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Ortofon Cadenza Blue & Bronze (MC)
SOUND QUALITY
CONCLUSION
MEASURED PERFORMANCE
All Pages

From Hi-Fi World - August 2009 issue

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Four Tips

Smuggled into the UK under the gaze of circling vultures, Noel Keywood makes it home safely with Ortofon's new Cadenza Blue and Bronze moving coil cartridges.

ortofon-pics

Hot from the High End Show in Munich come the two brand new Ortofon Cadenza series Moving Coil cartridges reviewed here. Good MCs are so in demand these days I virtually had to smuggle them out and onto the plane home, worried that someone - no names of course - might do a luggage swap or something similarly nefarious to spirit them away. I half expected to arrive back in London to find Shure M3Ds sitting in the boxes instead, so was relieved to find a Cadenza Blue and Cadenza Bronze had made it back with me and were still sitting there in the factory's unmarked, early sample cartons.


The new Cadenza range is aimed at serious LP listeners who want uncompromised Moving Coil quality, without paying silly prices, meaning little more than £1000. Yes, good MCs don't come cheap but if you want to hear what vinyl can sound like and enjoy the magic of good analogue then this is the starting point, because at this price Ortofon produce an MC free of the compromises that afflict budget MCs.  For me it's also an end point because I use an Ortofon Kontrapunkt b out of choice, for which the new £1000 Cadenza Blue is a replacement. The Cadenza Bronze at £1250 sits above it. You have to appreciate that different materials and construction techniques result in differing tonal 'colours' even within the framework of similar measured performances. So my Kontrapunkt b is "fast and precise", I recall Leif Johannsen of Ortofon telling me as he explained the thinking behind the new range amidst the hubub at the High End Show. Suggesting its replacement Blue, also boasting a ruby cantilever, will have a similar sound.


Some people want a more romantic sound" and for them we produced the new Bronze Cadenza,  were his words. This cartridge has a conical aluminium cantilever to help achieve this. The styli used are different too, between the two and in relation to the Kontrapunkt b. The latter had a nude Fritz Gyger 80 (um, major radius) whilst the Blue has an FG 70, so the Fritz Gyger profile is retained  but the major radius (across the groove) has come down slightly. However, the minor radius, which traces wiggles in the groove has increased from 5 to 6um. So Ortofon have tweaked the Kontrapunkt b stylus it seems, for the Cadenza Blue, but by little.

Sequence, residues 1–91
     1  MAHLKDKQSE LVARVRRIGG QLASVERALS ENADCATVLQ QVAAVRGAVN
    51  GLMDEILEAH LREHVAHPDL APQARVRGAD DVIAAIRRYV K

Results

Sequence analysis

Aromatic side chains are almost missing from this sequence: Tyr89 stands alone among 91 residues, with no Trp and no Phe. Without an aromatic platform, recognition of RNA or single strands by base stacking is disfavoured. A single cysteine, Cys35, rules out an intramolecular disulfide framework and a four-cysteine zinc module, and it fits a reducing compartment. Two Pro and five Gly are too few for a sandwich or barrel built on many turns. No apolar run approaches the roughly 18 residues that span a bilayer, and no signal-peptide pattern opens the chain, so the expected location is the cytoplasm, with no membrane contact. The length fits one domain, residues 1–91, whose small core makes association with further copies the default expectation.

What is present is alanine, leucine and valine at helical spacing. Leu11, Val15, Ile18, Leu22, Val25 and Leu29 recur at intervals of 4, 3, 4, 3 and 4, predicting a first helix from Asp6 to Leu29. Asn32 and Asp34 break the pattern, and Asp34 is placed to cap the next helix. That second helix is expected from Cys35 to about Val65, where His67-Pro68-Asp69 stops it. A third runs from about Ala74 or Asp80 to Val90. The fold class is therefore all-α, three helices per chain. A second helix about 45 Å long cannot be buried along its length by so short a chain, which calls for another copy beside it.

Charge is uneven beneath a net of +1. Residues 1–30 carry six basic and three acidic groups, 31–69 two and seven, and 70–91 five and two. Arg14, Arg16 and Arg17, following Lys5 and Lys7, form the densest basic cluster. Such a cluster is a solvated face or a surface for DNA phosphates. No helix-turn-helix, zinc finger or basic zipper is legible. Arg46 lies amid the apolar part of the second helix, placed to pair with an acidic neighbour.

The Bronze is quite different. It gets a nude Ortofon Replicant stlyus of 5um minor radius, but 100um major radius, which sets it clearly apart from the other Cadenzas, so the Bronze appears to be tuned for a different type of presentation. You can get some idea of where these two cartridges stand by looking at the top Cadenza, the Black. Like the 2M Black Moving Magnet cartridge we rate as the best MM available, the Cadenza Black uses a nude Shibata stylus with 6/50 minor / major radii, mounted on a Boron cantilever.  That cuts the Bronze and Blue adrift on the quality ladder it seems, since neither shares critical parts with the Black. But we are paddling in the higher echelons of MC quality here, a rarefied realm where differences exist but are small and difficult to categorise;  it's more a matter of 'different' rather than better or worse. To date Ortofon's Kontrapunkt b that I use has easily defended its position before all else, so the new Cadenzas come from a comfortable position ahead of the pack in my view Even Ortofon make eight less expensive models, right down to the £140 Tango, although rationalisation of their thirteen model range may prune a few of these I suspect.


Why do I recommend you spend £1000 or thereabouts on an MC? It's always been accepted that moving coil cartridges, as difficult to use as they are - more later - offer the best sound quality. However, this gets a bit arguable at budget levels. Cheap ones often, if not always, track poorly, sound glassy hard in the upper midband and have spitty treble, attributable to the treble peak that afflicts most - a good 90% - of designs. Even the £3k Van den Hul Canary I reviewed recently suffered this problem. Cheap styli ignore fine detail and over-wound coils, to get signal level up, help lose the lovely sense of spaciousness a moving coil should possess. In the £450 region it's a trade off between a good MM like the Ortofon 2M Black and a half-decent MC like the Audio Technica  AT-OC9 MLII, the latter definitely sounding MC like but with excessive treble from the usual treble peak (albeit of good quality due to a fine Microline stylus), whilst the moving magnet Black is cheaper to use and run, and also smoother in its treble.